THE crucial vote on opening up ivory trade at this month’s CITES (Convention on International Trade in Endangered Species of Wild Fauna and Flora) conference in Panama City went as expected; countries voted by a large majority to uphold the international trade ban. This is a good outcome for elephants and conservation. History shows that legal trade triggers the illegal killing of elephants for their ivory, fuels smuggling, and provides cover for laundering.
Over the past decade, many of Africa’s elephant populations have enjoyed something of a respite from poaching, and in some places their numbers have recovered. They are even starting to reoccupy previously abandoned parts of their range. But some countries in Southern Africa feel that not being able to sell their ivory denies them a much needed source of financing for elephant conservation and local communities. For these countries, which play host to most of Africa’s elephants, the vote in Panama is deeply frustrating.
This fractious debate around ivory, ‘trade, or no trade’, has played out for decades. And yet all 37 African elephant range states are confronted by common challenges: not just poaching and the trafficking of ivory, but also increasing human-elephant conflict, the impact of climate change and a lack of adequate financing. Their differences on ivory trade have obscured just how much they have in common, and hindered collective efforts to tackle these issues.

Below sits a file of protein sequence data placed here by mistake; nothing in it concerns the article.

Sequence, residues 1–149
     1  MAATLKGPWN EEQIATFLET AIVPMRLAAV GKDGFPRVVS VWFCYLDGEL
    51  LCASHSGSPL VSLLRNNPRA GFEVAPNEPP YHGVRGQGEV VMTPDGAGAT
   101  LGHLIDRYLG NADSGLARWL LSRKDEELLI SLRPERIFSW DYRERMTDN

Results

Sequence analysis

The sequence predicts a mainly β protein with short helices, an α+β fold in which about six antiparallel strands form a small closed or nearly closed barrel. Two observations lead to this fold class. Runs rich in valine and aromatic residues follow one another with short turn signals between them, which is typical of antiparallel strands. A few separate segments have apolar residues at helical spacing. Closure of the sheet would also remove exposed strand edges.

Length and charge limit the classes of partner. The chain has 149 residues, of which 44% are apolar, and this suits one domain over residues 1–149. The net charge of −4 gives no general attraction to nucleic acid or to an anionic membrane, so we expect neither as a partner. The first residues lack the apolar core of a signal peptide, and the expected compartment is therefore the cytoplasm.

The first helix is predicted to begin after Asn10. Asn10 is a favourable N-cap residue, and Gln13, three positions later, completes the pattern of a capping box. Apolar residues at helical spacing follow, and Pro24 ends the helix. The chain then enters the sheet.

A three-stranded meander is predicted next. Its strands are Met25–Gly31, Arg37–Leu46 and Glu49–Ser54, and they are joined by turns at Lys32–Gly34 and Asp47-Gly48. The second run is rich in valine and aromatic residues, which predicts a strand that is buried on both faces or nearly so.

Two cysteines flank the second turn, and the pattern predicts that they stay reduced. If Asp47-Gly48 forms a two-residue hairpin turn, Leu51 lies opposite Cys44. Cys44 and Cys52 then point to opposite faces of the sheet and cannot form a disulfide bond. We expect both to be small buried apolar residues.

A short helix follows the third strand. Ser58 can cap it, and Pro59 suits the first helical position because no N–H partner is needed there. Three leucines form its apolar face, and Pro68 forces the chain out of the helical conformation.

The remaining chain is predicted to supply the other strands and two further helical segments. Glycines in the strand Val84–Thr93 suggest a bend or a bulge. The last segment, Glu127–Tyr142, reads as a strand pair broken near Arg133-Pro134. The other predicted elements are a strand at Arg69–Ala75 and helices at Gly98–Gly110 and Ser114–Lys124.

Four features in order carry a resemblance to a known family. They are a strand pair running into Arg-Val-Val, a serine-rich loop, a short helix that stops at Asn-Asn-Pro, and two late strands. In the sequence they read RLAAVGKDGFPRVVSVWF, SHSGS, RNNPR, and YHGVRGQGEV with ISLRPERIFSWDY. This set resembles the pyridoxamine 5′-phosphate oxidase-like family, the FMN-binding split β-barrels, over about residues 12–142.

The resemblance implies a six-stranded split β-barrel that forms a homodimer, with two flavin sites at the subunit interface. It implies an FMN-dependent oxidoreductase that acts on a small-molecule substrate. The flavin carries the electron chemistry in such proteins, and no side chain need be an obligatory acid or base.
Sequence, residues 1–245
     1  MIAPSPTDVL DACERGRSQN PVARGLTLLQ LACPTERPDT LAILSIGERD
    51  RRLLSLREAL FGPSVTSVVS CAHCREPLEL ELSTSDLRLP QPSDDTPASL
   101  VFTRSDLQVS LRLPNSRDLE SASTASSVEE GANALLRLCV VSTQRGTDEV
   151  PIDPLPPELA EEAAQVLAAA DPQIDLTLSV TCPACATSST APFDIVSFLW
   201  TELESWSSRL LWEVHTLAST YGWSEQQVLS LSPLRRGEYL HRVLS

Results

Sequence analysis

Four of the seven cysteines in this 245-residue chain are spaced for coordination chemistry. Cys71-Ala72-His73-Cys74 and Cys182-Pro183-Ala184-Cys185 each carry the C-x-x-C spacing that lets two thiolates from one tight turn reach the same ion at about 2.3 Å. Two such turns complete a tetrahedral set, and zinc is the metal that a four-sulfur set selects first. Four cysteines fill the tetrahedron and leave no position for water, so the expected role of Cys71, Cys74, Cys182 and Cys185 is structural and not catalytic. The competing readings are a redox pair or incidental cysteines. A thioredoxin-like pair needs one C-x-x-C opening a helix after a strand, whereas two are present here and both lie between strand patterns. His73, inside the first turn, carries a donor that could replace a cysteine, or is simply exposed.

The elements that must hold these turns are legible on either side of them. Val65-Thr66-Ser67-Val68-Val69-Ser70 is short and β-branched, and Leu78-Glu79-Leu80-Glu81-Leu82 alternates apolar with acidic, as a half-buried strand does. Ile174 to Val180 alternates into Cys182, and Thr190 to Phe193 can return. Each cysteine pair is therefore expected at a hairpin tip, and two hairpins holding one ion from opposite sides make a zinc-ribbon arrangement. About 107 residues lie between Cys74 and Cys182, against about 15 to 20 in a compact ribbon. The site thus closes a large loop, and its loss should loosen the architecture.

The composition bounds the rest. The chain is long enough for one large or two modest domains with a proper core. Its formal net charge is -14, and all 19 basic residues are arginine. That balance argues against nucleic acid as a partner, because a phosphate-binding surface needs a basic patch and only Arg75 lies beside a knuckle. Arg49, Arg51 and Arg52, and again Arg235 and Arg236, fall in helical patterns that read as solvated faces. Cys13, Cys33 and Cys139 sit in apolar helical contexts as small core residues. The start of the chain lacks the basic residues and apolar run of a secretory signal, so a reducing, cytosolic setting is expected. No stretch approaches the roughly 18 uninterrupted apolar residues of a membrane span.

It doesn’t have to be this way. Three successive CITES conferences have rejected requests to open up the ivory trade. Now we should move on. Indeed, given the financial resources now flowing to address the twin crises of climate change and biodiversity loss, there is an historic opportunity for Africa to take a new approach to elephant conservation.
We know that elephants are vital to healthy ecosystems, and in mitigating and adapting to climate change. Africa’s forest elephants, for example, are now recognised as a separate and critically endangered species. Their numbers have fallen by more than 86% over a period of 31 years, according to the International Union for the Conservation of Nature. And yet recent research by Dr Ralph Chami of the International Monetary Fund shows the astonishing economic value of the carbon benefits provided by live forest elephants, with each animal estimated to be worth $1.75 million across its lifetime.
African can take this message to the rest of the world; that tackling the twin crises of biodiversity loss and climate change needs healthy elephant populations. Climate and biodiversity funding should be invested in elephant conservation. By doing so, we can save wildlife, mitigate and adapt to the impacts of climate change, and create sustainable jobs for people who live near these majestic but also dangerous animals.
Next month, in Montreal, governments will be gathering for another international environment meeting, the UN Biodiversity Conference. This is just as important to the future of our planet as the recent climate summit. At the EPI, we will be working in Montreal with our diverse 21 African member states, and looking for common ground. We will also be looking to exchange ideas with Asian elephant range states.
The time has clearly come to move beyond ivory. We need a more holistic approach to elephant conservation, one that serves to unite the African continent, and ensures the harmonious coexistence of elephants and people.
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